Bidding for Avianca Heats Up


Avianca A319 - Joao Carlos Medau - CC BY 2.0 https://www.flickr.com/photos/medau/8374024284/in/photolist-dKZ4F3-qtZScm-qehoEK-pjvk4F-o1zKVk-pmubYb-oPGF3x-oZ5b3h-gmuvgf-hCRCKh-pRewrt-o5HkJG-nnCRc3-m3KerB-95zjJ9-8bU3A5-duicXX-poYKBw-nUJrCP-qqDtTB-qqKXeC-jE82AK-8U62k9-gmux92-jphpSS-hmFfw3-k1452K-gmtiwp-h1XrQU-hAZokQ-nukygo-DbCn1z-jvgRz8-k11QSm-G4ZTRd-jPWeSE-m5yyHm-m5yP2n-dKTyfV-hRo7Ys-gSpPGv-nUSUK9-aXVRzT-CPe8zc-dX1gVE-hznarR-javkBo-DPn3Uc-m6piBG-niKZRZ

Sure, the LatAm economy is a disaster right now, but that makes for a great buying opportunity for US airlines with record profits and an opportunity to show up in a country that doesn’t limit foreign investment and that has a struggling flag carrier. We know that Delta Air Lines is working to protect its investment in GOL, taking some 737s off lease from the struggling Brazilian carrier. But Brazil still restricts direct foreign investment in airlines so Delta won’t be buying a controlling stake any time soon. Avianca, on the other hand, is up for grabs, and it has reportedly attracted interest from several parties.

Rumors of activity around Avianca first came to light in June with United Airlines and Delta named as potential suitors. The story idled for a while after that but returned this week, with Panama-based Copa Airlines added to the conversation. Copa already has a significant presence in the Colombian market with its Copa Airlines Colombia operation, formerly known as Aero Republica. United and Delta would use the partnership to shore up access into Central and northern South America, markets where both have grown significantly in recent years but also where RASM has struggled because of such rapid capacity growth and also the faltering economy. American Airlines has a significant lead over its two rivals in LatAm capacity, making such a partnership less useful.

United knows the value a strong partner in the region can bring. In 1998 Continental took a 49% equity stake in Copa, combining marketing efforts across the two carriers and extending route networks both north and south. That stake was sold off over the years, mostly to allow Continental to keep its pension funded as the Copa share price rose but the US economy and airlines fared less well. The investment formally ended in 2008 and Copa finally split from United’s MileagePlus loyalty program in 2015, launching its own ConnectMiles program and completing the breakup, though both are still members of Star Alliance and code-share on certain routes.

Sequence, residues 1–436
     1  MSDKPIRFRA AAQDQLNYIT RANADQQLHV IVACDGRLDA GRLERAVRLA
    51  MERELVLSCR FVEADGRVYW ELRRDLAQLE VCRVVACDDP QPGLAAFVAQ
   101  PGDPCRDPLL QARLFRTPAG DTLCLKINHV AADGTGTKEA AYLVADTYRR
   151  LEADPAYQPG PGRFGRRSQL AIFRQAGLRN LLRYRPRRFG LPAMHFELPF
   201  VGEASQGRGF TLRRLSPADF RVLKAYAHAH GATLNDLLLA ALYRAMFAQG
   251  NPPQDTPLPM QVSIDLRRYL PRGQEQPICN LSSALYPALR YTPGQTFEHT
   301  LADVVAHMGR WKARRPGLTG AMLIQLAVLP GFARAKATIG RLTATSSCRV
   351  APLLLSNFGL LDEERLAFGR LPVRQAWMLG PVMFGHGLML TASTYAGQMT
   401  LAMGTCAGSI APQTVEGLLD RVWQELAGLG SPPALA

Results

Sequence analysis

The US & Colombia countries established an Open Skies agreement in 2012, allowing unrestricted traffic between the two from flagged airlines. Presumably this would allow either Delta or United to pursue a joint venture operation with Avianca as part of the equity transaction. Delta recently established just such a deal with Aeromexico while American has a JV arrangement with South American behemoth LATAM, giving it a dominating position across Brazil and Chile. And securing the JV will allow coordination of operations, including prices and scheduling. That limits competition but the airlines will argue it is still better for travelers with more efficient connections and more reliable operations. And the airlines will almost certainly win that argument; they rarely lose.

Should Copa seal the deal the market dynamics would also shift essentially consolidating the Colombian market back down to a single carrier, though LCCs like vivaColombia are trying to break through. For either of the US carriers securing a significant stake in Avianca, and the attendant position in the regional market, would open up significant potential growth areas. It would also be a risky move given the uncertainty around the economic future and competition from both Copa Colombia and LCCs. But all three reported bidders are flush with cash today (Copa somewhat less so than the others) and buying in on the cheap is generally smarter, assuming the integration can be managed.

Header image: Avianca A319 – Joao Carlos Medau –  CC BY 2.0 

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Seth Miller

I'm Seth, also known as the Wandering Aramean. I was bit by the travel bug 30 years ago and there's no sign of a cure. I fly ~200,000 miles annually; these are my stories. You can connect with me on Twitter, Facebook, LinkedIn and .

5 Comments

  1. “Should Copa seal the deal the market dynamics would also shift essentially consolidating the Colombian market back down to a single carrier”

    What about LATAM Colombia (formerly LAN Colombia)? There would then be two airlines, LATAM Colombia and Avianca/Copa

  2. Seth: any possibility a European, Chinese, or Middle East carrier buys into Avianca? HNA/Hainan has more cash than they know what to do with, Etihad loves a reclamation project, and a cross-Atlantic dance partner for IAG’s Iberia or TAP Portugal could be appealing if the price is right.

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